It was a simple question: “Why are you avoiding meat?” Richard Keshan’s answer would ultimately change the course of Peter Singer’s life.
Singer posed the query to his fellow Oxford University student in 1970. Their conversation took place in the Balliol College dining hall, after Keshan had opted for a salad instead of spaghetti with meat sauce.
Singer expected his friend to offer religious or health reasons for refusing the meat. Instead, he recalls in the 2013 Vox interview posted below,“… he said that he just didn’t think it was right to treat animals in the way that animals are treated when they are turned into food.”
Surprised by the directness of Keshan’s answer, Singer pressed him for more information. That’s when he first learned of factory-farm animal abuse. He then met some of Keshan’s vegetarian friends and began reading about the importance of their lifestyle.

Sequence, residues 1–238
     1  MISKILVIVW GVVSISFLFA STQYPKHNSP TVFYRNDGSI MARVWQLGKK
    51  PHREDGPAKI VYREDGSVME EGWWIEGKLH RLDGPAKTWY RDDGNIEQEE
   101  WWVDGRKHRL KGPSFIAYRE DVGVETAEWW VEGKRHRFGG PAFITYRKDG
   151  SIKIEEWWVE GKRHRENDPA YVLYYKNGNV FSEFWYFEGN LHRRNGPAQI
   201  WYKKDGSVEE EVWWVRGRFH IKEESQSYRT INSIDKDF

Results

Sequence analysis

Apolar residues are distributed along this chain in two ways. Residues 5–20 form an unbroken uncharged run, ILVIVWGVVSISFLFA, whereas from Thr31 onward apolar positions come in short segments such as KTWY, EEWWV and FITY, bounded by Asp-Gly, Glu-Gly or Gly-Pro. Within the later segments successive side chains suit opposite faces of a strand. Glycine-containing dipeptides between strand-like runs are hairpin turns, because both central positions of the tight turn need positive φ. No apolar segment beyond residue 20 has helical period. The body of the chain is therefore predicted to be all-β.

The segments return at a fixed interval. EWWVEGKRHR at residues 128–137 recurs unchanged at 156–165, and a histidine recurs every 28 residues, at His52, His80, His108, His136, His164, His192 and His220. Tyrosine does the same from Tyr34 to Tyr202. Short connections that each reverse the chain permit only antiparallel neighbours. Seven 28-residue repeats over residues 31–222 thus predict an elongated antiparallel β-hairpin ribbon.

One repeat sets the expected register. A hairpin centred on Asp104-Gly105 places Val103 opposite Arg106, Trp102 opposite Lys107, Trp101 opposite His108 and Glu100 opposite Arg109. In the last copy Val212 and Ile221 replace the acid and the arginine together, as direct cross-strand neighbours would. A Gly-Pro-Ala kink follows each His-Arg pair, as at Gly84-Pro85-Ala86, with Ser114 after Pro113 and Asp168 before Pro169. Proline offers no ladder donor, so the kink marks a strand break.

Within a week or two, he recalls:
“I said to my wife… ‘I think we have to change our diet…I don’t think we can justify participating in a practice that is exploiting animals the way they’re exploited to turn into food.’”
So a chance college encounter led him to become a vegan. Five years later, he wrote Animal Liberation.
Today, Singer’s book is regarded as the definitive classic of the animal-rights movement. It details his reasoning behind the decision to abstain from meat.
He exhorts all his readers to do the same and“…take responsibility for our own lives, and make them as free of cruelty as we can. The first step is that we cease to eat animals.”
Singer’s motivation, however, goes beyond his love of animals as an emotional issue.
To the bioethics professor, factory farm abuses are issues of practical ethics and morality. They became, he says, “… the first real issue in applied ethics that I took up, not merely as an academic question, but that I wanted to change the world about.”
Although Animal Liberation was originally published 45 years ago, its arguments remain relevant – and perhaps more necessary for the world than ever!